Checking in With People Cycling on the New Sixth Ave Protected Bike Lane
The Sixth Avenue protected bike lane is just about finished between 8th Street and 33rd Street, except for the pedestrian islands. The redesign is still in that awkward transitional phase where people are figuring out how to use it, so today Streetsblog checked in with a few of the thousands of people who bike Sixth Avenue daily to see how the change is coming.
“I think it’s great! I think they should keep making more,” Jesus Andrade said as he waited for the light to cross 26th Street. “I think this [design] is the best way because the cars shield us from the traffic.”
The old painted bike lane on Sixth Avenue was frequently blocked by double-parked drivers, pushing cyclists into the street’s treacherous motor vehicle traffic. Wide crossing distances made the street exceedingly dangerous for pedestrians too. Between 2009 and 2013, 27 pedestrians and 10 cyclists were severely injured in the project area, according to DOT.
In addition to a parking-protected bike lane, the project includes 33 new concrete pedestrians islands that have yet to be installed.
Abigail, who declined to give her last name, said people are still adjusting to the new street configuration. As she hopped off her bike in front of her Sixth Avenue apartment building, she pointed to the absence of concrete islands as one reason pedestrians and motorists may not be respecting the lane.
“The protected lanes that are not on Sixth Avenue I think are great, because people know about them and I think there’s like curbs between the bike lane and the road,” she said. “I think in the long run, it will definitely make it safer, but I think, as of right now, it would have been maybe helpful if they had cones up or something to signify that [the bike lane] just moved.”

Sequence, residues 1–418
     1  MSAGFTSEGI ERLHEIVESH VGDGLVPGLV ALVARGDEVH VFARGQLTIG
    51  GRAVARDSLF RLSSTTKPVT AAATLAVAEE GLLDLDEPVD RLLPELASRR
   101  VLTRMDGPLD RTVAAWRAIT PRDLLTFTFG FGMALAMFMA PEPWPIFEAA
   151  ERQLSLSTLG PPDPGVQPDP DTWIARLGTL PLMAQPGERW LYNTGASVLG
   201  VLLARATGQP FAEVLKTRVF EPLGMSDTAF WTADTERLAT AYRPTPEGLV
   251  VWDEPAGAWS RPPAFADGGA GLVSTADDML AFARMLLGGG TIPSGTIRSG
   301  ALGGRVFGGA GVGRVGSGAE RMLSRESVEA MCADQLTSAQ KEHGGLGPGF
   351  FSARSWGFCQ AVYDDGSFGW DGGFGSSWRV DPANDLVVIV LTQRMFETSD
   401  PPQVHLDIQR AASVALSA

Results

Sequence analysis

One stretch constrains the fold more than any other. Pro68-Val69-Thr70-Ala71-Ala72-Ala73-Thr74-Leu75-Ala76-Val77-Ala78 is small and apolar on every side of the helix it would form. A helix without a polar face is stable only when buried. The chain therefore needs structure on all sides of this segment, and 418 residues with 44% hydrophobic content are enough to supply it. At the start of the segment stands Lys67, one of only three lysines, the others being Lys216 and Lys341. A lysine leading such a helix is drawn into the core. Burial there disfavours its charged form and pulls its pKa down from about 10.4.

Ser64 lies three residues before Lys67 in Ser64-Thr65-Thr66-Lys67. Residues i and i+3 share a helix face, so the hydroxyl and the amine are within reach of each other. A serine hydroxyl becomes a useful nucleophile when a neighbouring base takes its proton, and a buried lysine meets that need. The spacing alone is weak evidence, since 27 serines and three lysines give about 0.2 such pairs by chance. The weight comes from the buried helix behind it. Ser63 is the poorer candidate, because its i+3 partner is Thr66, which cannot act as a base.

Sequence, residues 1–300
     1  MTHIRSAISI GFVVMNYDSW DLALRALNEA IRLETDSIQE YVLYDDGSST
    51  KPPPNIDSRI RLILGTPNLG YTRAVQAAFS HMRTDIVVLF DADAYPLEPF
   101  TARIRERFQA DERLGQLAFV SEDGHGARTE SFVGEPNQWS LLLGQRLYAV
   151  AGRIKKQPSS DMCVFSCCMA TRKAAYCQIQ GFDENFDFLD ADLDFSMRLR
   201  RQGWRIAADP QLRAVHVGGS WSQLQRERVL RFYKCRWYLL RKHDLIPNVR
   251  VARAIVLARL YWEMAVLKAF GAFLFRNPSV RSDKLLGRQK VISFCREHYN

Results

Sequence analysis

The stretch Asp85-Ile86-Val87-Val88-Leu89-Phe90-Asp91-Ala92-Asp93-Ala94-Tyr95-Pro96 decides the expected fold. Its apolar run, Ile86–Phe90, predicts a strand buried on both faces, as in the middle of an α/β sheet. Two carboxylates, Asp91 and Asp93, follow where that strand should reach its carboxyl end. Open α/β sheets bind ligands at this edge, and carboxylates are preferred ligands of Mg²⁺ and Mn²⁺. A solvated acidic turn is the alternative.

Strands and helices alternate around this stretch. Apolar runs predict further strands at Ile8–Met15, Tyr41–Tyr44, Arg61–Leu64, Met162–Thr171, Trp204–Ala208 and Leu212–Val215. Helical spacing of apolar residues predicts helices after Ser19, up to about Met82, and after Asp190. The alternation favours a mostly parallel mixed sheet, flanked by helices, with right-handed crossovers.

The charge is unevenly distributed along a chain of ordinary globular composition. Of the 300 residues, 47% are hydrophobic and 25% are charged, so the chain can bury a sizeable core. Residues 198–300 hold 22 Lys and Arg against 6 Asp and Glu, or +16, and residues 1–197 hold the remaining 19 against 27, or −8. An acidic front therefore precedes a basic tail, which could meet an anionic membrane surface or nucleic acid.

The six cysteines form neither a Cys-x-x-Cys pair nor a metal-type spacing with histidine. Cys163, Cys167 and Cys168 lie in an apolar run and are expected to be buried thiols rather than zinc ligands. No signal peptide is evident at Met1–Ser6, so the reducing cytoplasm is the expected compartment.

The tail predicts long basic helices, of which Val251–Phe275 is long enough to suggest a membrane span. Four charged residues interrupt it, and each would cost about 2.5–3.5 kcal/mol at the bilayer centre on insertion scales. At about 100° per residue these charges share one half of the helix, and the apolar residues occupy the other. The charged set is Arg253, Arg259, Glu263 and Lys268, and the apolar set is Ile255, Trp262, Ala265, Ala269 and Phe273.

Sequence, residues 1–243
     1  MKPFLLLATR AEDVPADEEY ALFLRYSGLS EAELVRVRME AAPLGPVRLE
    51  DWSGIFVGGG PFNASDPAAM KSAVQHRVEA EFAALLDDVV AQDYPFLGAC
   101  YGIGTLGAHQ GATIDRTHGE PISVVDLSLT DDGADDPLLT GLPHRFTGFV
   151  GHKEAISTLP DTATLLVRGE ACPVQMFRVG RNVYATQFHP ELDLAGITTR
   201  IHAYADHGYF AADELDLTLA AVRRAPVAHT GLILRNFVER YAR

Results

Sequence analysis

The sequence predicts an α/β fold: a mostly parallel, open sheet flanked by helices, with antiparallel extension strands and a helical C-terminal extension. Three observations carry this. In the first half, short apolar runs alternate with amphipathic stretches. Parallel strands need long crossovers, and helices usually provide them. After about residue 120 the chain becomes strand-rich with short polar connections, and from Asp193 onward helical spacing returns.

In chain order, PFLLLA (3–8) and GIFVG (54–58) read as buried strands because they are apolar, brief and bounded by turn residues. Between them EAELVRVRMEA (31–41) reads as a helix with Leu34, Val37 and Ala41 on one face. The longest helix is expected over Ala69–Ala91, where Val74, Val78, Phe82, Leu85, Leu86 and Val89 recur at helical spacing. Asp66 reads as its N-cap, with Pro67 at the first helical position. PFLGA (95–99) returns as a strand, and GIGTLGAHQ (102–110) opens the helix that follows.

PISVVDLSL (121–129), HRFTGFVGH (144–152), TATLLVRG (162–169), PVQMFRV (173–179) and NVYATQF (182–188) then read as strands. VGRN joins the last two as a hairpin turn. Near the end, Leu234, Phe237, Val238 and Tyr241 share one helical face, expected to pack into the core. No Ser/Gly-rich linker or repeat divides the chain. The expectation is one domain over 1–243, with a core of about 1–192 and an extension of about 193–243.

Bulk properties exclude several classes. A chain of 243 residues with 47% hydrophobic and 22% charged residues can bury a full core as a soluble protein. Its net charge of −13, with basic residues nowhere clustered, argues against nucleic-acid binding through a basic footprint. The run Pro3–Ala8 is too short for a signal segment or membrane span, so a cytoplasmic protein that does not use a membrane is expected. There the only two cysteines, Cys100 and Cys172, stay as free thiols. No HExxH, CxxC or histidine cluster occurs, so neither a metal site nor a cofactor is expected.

Traffic agents were out ticketing vehicles parked in the bike lane today. Even some cars with unofficial (i.e. fake) parking placards weren’t immune. The owner of this Range Rover with “volunteer ambulance service” credentials got a ticket:
One concern with the Sixth Avenue lane is that the sidewalks aren’t wide enough to handle the foot traffic, which will spill into the bike lane. But on this August weekday around noon, there wasn’t much spillover.
David Cass, who was on his bike, endorsed the new design even though pedestrians sometimes use the bike lane. “People still stand in them, which is pretty annoying,” he said, “but I like the protected lane.”
On a few blocks — between 22nd Street and 25th Street and 13th Street and 14th Street — construction projects have delayed installation. We’ve asked DOT for a timeline for the installation of both the remaining portions of the lane, the 33 concrete islands, and new split-phase traffic signals along the route.